In this addition to the growing list of exposés of the toll our patchwork, profit-based health-care system takes on Americans, Cohn makes a plea for a universal coverage with a single-payer system regulated by the government. Drawing on research and riveting anecdotes, Cohn, a senior editor at the New Republic, describes how private insurers decide who and what they will—and will not—cover. He also examines how rising health-care costs lead corporations to seek ways to deny coverage to employees, such as hiring full-time workers as temps or independent contractors without health insurance. In tale after tale, Cohn documents the sometimes catastrophic results. they couldn't. Cohn points out that managed care initially had an altruistic goal of making health-care affordable for all. But by 1997, two-thirds of HMOs were controlled by for-profit companies concerned with making money rather than preventing and easing sickness. The author convincingly argues that Medicare and universal health care in such countries as France, though not perfect, are far superior to the system most Americans face. Much of this is well-trod territory, but Cohn is eloquent, and he's good at using case studies to dramatize and explain complex issues. (Apr. 10)
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Overcrowded emergency rooms force ambulances to drive patients to more distant hospitals; the uninsured crowd emergency rooms for nonemergency health care, adding to the problem as hospitals and patients struggle to balance supply and demand, and profitability. New Republic reporter Cohn offers personal stories of families--and the nation--suffering health-care crises. A man who has lost his health insurance watches his wife die of cancer that might have been detected earlier if he'd had better coverage, a Texas woman fights with her insurer to get her disabled baby therapy that could help him learn to walk. Cohn presents case after case of Americans bereft of adequate health care coverage after losing their jobs, or seeing their employers cut back on coverage, or insurers fight to provide the minimum of coverage. Cohn uses each case study to provide a historical and modern perspective on insurance and health care delivery, and the factors that have led to the current crisis. Vanessa Bush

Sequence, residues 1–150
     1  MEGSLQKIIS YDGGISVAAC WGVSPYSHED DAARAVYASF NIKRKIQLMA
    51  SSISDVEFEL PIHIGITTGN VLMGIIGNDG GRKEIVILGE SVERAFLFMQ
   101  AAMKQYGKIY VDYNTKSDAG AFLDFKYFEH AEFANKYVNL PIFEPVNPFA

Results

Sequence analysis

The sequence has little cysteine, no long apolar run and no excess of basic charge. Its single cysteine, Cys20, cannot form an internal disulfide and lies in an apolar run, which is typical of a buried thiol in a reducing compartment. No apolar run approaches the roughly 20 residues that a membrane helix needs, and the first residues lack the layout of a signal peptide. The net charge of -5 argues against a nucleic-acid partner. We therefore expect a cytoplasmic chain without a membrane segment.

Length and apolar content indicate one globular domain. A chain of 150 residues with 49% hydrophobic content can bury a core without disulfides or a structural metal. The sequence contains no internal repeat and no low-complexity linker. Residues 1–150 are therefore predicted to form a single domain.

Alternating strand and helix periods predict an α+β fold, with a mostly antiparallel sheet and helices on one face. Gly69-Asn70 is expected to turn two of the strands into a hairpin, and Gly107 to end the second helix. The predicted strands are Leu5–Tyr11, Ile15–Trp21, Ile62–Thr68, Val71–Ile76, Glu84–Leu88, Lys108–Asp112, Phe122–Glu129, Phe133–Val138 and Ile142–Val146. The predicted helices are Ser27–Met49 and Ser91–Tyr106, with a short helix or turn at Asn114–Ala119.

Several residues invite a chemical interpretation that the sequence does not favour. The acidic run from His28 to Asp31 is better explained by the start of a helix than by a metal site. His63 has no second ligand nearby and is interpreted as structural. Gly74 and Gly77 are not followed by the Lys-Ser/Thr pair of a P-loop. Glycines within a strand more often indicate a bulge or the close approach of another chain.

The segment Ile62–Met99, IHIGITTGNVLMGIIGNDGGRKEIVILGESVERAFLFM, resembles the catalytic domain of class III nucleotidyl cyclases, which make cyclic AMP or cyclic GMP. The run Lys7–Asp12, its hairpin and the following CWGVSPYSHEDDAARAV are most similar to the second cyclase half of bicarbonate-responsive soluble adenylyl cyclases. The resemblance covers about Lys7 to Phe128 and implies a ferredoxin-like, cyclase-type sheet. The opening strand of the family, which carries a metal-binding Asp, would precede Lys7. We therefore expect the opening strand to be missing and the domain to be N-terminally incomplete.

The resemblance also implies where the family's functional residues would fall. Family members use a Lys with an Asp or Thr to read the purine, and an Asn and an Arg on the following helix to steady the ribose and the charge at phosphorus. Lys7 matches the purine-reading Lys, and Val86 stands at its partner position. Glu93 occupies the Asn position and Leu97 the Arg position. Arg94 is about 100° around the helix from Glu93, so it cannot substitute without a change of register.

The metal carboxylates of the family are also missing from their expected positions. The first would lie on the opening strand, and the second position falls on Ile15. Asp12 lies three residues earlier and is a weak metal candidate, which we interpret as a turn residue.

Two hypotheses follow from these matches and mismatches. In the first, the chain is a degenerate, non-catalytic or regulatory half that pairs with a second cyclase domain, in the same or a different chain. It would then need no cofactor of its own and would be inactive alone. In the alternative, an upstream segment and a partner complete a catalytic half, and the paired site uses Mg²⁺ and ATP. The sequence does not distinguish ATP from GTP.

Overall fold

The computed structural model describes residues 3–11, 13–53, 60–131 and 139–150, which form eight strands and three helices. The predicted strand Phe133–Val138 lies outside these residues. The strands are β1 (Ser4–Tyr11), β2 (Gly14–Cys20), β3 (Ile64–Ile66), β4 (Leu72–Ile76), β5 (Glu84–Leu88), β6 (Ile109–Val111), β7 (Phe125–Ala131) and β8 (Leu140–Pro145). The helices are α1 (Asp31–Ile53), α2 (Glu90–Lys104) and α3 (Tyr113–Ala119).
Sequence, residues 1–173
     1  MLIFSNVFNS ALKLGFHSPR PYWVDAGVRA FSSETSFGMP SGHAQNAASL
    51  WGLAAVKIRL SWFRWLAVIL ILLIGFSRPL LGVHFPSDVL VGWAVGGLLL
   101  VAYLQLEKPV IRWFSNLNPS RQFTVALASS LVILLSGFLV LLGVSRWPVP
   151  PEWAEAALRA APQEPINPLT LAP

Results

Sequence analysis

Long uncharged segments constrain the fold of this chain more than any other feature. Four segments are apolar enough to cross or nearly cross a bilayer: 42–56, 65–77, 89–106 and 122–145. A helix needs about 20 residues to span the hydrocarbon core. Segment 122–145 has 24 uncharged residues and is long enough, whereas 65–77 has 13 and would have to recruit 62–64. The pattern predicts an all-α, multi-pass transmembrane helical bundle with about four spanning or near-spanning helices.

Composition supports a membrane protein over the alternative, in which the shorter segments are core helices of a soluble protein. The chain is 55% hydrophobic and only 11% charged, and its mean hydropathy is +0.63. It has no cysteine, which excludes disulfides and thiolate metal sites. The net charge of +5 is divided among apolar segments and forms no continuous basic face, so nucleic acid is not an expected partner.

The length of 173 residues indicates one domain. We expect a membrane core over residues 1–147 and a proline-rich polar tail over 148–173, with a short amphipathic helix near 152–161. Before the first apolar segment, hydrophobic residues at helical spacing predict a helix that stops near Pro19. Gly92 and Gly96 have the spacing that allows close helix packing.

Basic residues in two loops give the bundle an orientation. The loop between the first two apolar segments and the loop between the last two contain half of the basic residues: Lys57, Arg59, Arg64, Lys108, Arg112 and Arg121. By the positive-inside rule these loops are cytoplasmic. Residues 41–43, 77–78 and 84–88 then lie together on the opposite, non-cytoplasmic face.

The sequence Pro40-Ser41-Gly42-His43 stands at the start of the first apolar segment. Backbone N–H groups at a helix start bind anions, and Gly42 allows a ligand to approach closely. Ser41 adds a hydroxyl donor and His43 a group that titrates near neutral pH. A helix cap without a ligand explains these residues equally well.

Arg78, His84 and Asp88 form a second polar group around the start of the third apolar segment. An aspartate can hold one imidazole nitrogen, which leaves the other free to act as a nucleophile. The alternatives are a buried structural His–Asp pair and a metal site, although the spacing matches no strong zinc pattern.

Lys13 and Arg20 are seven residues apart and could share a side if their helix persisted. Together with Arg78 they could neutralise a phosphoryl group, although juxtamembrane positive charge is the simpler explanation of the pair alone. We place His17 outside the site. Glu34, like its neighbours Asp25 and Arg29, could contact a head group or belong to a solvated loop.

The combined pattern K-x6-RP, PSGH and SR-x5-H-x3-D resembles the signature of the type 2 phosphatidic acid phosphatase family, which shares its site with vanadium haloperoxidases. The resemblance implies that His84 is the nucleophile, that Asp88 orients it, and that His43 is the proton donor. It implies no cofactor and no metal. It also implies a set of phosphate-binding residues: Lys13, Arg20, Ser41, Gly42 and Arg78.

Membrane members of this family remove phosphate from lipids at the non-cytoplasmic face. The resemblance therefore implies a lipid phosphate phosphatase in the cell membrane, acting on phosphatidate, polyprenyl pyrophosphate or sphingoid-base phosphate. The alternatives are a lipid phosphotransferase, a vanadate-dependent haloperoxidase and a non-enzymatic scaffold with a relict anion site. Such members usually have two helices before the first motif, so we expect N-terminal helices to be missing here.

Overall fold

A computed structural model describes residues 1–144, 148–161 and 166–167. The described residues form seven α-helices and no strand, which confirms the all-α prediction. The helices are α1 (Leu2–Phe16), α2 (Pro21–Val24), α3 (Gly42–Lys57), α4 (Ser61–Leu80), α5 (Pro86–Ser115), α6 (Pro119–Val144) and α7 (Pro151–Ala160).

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Used the text was easier to take to class and didn't have to worry about carrying an extra book in bagPublished 1 month ago by Brichelle Love
My friend Jonathan Cohn has found a fantastic way to explain to somebody like me what’s wrong with Medicine in the US. Read morePublished 2 months ago by Athan
Had to read for a class, even though the book is a little older it has a lot of interesting insight, very good and easy read!Published 4 months ago by Samantha
Readers should have a box of tissues handy when you encounter the hardships and heart breaks our broken medical care system has caused. Read morePublished 9 months ago by Howard Herring
Book is okay! Very, very one sided. You have to read the book with an open mind. I have issues with people who blame the Government for everything. Read morePublished 12 months ago by L. A. Sherdel